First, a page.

U.K. Scientists Develop Fluorescent Dye to Improve Brain Studies in Parkinson’s, Other Diseases

Ashraf Malhas, PhD avatar

by Ashraf Malhas, PhD |

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A two-year collaboration between British neuroscientists and chemists has led to a new fluorescent dye that’s less toxic than other dyes on the market. The new tool will help researchers understand the mechanisms underlying many neurological diseases, including Parkinson’s.

Scientists at England’s Keele University in Staffordshire and Newcastle University in Newcastle upon Tyne designed the new voltage-sensitive dye. Known as JULBD6, the dye is illuminated with light in the red region of the spectrum, lowering its toxicity. JULBD6 also has a low signal-to-noise ratio, making it a valuable alternative to many currently used dyes.

Their study, “Locally Excited State-Charge Transfer State Coupled Dyes as Optically Responsive Neuron Firing Probes,” appeared in  Chemistry-A European Journal. Researchers also presented their results at the Society for Neuroscience’s annual meeting, held Nov. 11-15 in Washington, D.C.

“This could have a large impact on neuroscience as a field,” Dr. John Butcher of Keele University said in a press release. “The structure of the new dye, JULBD6, is completely different from other dyes such as the widely used di-4-ANEPPS, but offers the same signal quality in terms of the change in fluorescence during neuronal spiking and does not affect the health of the neurons.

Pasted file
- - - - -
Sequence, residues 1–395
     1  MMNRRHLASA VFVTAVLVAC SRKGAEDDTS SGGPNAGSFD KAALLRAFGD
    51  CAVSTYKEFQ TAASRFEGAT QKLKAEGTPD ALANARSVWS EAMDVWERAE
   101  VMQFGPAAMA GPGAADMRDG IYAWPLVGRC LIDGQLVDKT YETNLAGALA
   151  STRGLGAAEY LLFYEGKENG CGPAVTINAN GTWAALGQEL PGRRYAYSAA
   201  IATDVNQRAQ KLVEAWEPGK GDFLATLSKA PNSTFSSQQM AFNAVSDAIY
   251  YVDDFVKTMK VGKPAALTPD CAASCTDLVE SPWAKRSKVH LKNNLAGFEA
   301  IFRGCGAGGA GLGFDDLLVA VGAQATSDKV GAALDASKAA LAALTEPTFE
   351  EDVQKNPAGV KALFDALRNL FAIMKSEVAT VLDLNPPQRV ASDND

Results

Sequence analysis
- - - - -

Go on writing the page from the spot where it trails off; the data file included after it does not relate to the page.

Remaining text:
One of the ways scientists study events taking place in the body’s cells and organs is by using fluorescent dyes that can be visualized by various microscopic methods. Visualization of singling events — such as those involving the neurotransmitter dopamine — would offer insights into normal neuronal function. This could potentially lead to novel treatment approaches.

Current dyes for viewing neurons fall into two main categories: calcium and voltage-sensitive dyes. Calcium dyes have the advantage of showing stronger fluorescence changes, hence aiding detection, but are slower to respond to neuronal signals. On the other hand, voltage-sensitive dyes respond more rapidly, but have weaker fluorescence changes.

Yet light with wavelengths in the green region of the spectrum is more toxic to cells than light in the red region.


Dr. Peter Andras, also a professor at Keele, said the team’s results are very promising.

“We have shown a completely new voltage-sensitive dye that allows rational design of key molecular features and offers similar performance to other dyes which are widely used in neuroscience,” he said. “This dye is also in the near-infrared range, rather than some green dyes which have higher toxicity, making it more suited to longitudinal studies. This new technology could really benefit neuron imaging studies.”

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